AUSTIN, TexasAlthough the nursing profession supports patient empowerment and self-determination in health care decision-making, patient requests for assisted dying raise difficult issues. A study reported at the Oncology Nursing Society’s 26th Annual Conference explored the symptom management strategies that some nurses use to either counter or preempt patient requests for help in dying.
Deborah L. Volker, RN, PhD, assistant professor, University of Texas School of Nursing, Austin, reported results from a secondary analysis of her larger study of how nurses receive and respond to patient requests for assistance in dying.
The original study group was derived from a randomized, sequential mailing of questionnaires to 1,600 ONS members. The questionnaire used a broad definition of assisted dying, which included not only assisted suicide and active euthanasia but also nurse-provided advice and teaching related to assisted dying.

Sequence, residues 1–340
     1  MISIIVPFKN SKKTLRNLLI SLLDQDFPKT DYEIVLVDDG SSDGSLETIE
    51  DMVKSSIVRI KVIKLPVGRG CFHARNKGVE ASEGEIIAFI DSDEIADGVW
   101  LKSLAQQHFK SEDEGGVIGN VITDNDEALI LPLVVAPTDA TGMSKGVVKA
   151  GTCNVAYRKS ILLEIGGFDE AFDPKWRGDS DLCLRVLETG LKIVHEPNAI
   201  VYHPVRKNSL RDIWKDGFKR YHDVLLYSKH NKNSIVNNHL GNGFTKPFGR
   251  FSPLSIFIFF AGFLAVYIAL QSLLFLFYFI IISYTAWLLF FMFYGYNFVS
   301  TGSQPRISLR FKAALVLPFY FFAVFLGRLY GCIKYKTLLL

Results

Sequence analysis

Among the 76 oncology nurses who responded to the questionnaire, 40 had received patient requests for assisted dying. The remaining 36 had not received such a request but chose to share their experiences with end-of-life care.
The study group was representative of the Oncology Nursing Society as a whole, Dr. Volker said, consisting primarily of white female nurses who were mostly Christian in their religious orientation. The mean age was 46 (range, 24 to 81), and the mean years of nursing experience was 22, 15 of which were in oncology nursing.
This secondary analysis focused on the types of symptom management strategies oncology nurses use in end-of-life care. The final sample for the secondary analysis was 12 nurses who had denied requests for assisted dying and had countered with palliative care and 24 nurses who had not received a request but chose to share their palliative care practices and experiences.
The nurses’ personal stories revealed a variety of symptom management strategies. Nurses who had received and denied requests for assisted dying described a variety of physical, emotional, and spiritual strategies. Dr. Volker read excerpts from some of these nurses’ responses.